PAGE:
The light that won't go out

by Mike Lupica

One of them, Terry Hanratty, was the Notre Dame quarterback out of the ’60s, part of the official legend of the place, one of the players who who helped put Notre Dame football back on the map. The other was Eamon McEneaney, the Hall of Fame lacrosse player from Cornell out of the ’70s, one of the great lacrosse stars in the history of that game.p. They both ended up living in New Canaan, Conn. They met at a cocktail party several years ago. McEneaney knew all about Hanratty. “He was Irish, he was Catholic, he was from Long Island,” Hanratty was saying the other night. “He knew more about Notre Dame than I did.” Hanratty knew absolutely nothing about lacrosse.

“I grew up in western Pennsylvania,” he said. “Butler, Pa. Hand us a stick when we were kids and we thought we were supposed to hit some SOB with it.”

Hanratty played pro football after Notre Dame, seven years with the Steelers, most of them behind Terry Bradshaw, then one season at the end with Tampa Bay. By the time he moved to Connecticut, he was working for a brokerage house, Sanford C. Bernstein. Eamon McEneaney worked downtown with Cantor Fitzgerald.

“The night we met, Eamon told me he’d played for Cornell, even got a tryout with the Jets as a wide receiver after he graduated,” Hanratty said. “That was it. Cornell lacrosse player. No big deal. I go to work on Monday, with all these young Wall Street hotshots, half of them lacrosse guys. But now I figure I’ve got a little bit of common language with them. So I say, ‘It turns out a neighbor of mine played college lacrosse at Cornell.’ One of them says, ‘What was his name?’ And I say, ‘Eamon McEneaney, you ever hear of him?’ And it was one of those deals where their mouths literally dropped open. They said, ‘You know Eamon McEneaney?’ It was like I’d said I knew Jim Brown in football. Like I’d been at a party with Babe Ruth.”

The two men became fast friends. The deal between them was this: Hanratty would teach McEneaney’s oldest son, Brendan, how to throw a football. McEneaney would teach Conor Hanratty how to do more with a lacrosse stick than hit some SOB over the head with it. And one of these days, they kept telling each other, boy, one of these days, they were all going to South Bend to watch Notre Dame play football.

“We’d get to talking about the trip, and there’d be a light about Eamon,” Hanratty said. “You’d look at his face and be able to see every bit of little boy still in him.”

McEneaney talked about retiring from Cantor Fitzgerald by January of 2002, devoting himself to writing, especially his poetry. The poetry was even more of a passion for him than lacrosse had been once, when he was the best in the world, when he carried Cornell to the national championship in 1977, scoring 25 points in three games, still a tournament record.

“I only saw footage of him playing later,” Hanratty said. “It was like watching Magic Johnson play basketball.”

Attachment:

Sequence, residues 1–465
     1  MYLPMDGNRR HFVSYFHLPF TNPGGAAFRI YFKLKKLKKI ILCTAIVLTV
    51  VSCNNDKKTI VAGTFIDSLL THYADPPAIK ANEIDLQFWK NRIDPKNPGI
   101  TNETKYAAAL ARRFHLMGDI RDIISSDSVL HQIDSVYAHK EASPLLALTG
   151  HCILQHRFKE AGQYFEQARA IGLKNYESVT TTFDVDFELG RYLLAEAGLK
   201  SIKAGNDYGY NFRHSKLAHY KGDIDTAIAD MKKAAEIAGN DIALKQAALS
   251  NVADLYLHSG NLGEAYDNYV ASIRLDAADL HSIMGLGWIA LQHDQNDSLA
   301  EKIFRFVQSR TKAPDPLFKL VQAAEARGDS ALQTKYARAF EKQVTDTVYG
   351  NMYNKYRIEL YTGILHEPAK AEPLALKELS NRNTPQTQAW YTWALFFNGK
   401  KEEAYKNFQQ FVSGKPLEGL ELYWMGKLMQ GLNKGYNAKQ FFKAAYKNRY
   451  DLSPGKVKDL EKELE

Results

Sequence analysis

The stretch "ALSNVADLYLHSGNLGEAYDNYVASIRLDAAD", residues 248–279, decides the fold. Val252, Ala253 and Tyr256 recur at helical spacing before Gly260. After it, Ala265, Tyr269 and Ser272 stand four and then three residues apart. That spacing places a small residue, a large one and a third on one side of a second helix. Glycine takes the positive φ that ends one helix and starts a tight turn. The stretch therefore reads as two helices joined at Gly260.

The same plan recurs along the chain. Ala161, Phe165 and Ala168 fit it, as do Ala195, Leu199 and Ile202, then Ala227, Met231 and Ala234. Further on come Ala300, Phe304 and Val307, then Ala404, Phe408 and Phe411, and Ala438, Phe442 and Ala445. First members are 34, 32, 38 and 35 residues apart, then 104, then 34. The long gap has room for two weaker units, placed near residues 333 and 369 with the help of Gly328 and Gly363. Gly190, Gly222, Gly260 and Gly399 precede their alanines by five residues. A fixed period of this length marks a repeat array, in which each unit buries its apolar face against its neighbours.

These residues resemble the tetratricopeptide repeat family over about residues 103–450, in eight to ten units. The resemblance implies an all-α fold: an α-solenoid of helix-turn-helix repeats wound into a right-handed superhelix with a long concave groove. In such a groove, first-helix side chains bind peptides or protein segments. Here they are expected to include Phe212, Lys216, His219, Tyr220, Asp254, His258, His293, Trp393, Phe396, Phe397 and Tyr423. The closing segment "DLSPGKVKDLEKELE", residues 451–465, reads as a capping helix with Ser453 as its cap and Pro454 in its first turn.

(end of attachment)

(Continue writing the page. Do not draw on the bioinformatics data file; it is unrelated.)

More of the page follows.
Hanratty had been quarterback of Notre Dame and led the Irish to the title and finished third one year in the Heisman Trophy voting. He had his place in Fighting Irish history. Not like the place Eamon McEneaney, out of Sewanhaka High on the Island, had at Cornell. Even if he never talked about his career at all. McEneaney did not want to talk about the past, ever. He wanted to talk about his children, his writing, the future.

“At the end,” Terry Hanratty said, “he despised going to work every morning. He wanted to be with (wife) Bonnie and his kids. He wanted to write his poetry.”

Last fall, the fall of 2001, Hanratty and McEneaney finally decided to start making plans for a football weekend in South Bend. Maybe in October. Then came the morning of Sept.11. Hanratty was at his midtown office. He heard what had happened downtown the way we all heard, immediately turned on the television. As soon as he saw the north tower had been hit, Hanratty called his wife.

“That’s Eamon’s building,” he said. It was Eamon’s building. His office was on the 105th floor. When the building had been hit by a terrorist bomb in 1993, McEneaney had formed a human chain and led 65 other employees down to the street, and safety.

The old Notre Dame quarterback was the one who made it back to Connecticut that night one year ago. Ten days later, he and 3,000 other people attended a memorial service at the First Presbyterian Church in New Canaan to honor Eamon McEneaney.

“A month after that,” Hanratty said Sunday night, “I honored my promise to my friend about that trip to Notre Dame.”

Hanratty, his son Conor, Brendan McEneaney and Brendan’s uncle Patrick drove from New Canaan to South Bend for the Notre Dame-Southern Cal game. Hanratty spoke at the pep rally on Friday night, and told a Notre Dame football crowd that the weekend was being dedicated to a friend of his who played lacrosse for Cornell once.

Then Hanratty went to the grotto on the Notre Dame campus, the one that is a replica of the Grotto of Our Lady of Lourdes in France. He brought Brendan with him. When they got there, Hanratty explained that he would do what he always does when he came back to school, light candles for his parents, both of whom had passed away.

“Brendan asked why,” Hanratty said. “I told him that it always makes me feel like they’re with me.”

The old Notre Dame quarterback went through his private ritual that night, had his quiet moment, alone with his parents, his memories. When he turned around, he saw 12-year-old Brendan McEneaney lighting a candle for his own father. The boy’s face is the face of the father. In that moment, Terry Hanratty said, there was a light about both of them.

Wednesday, September 11, 2002

TopicID: 244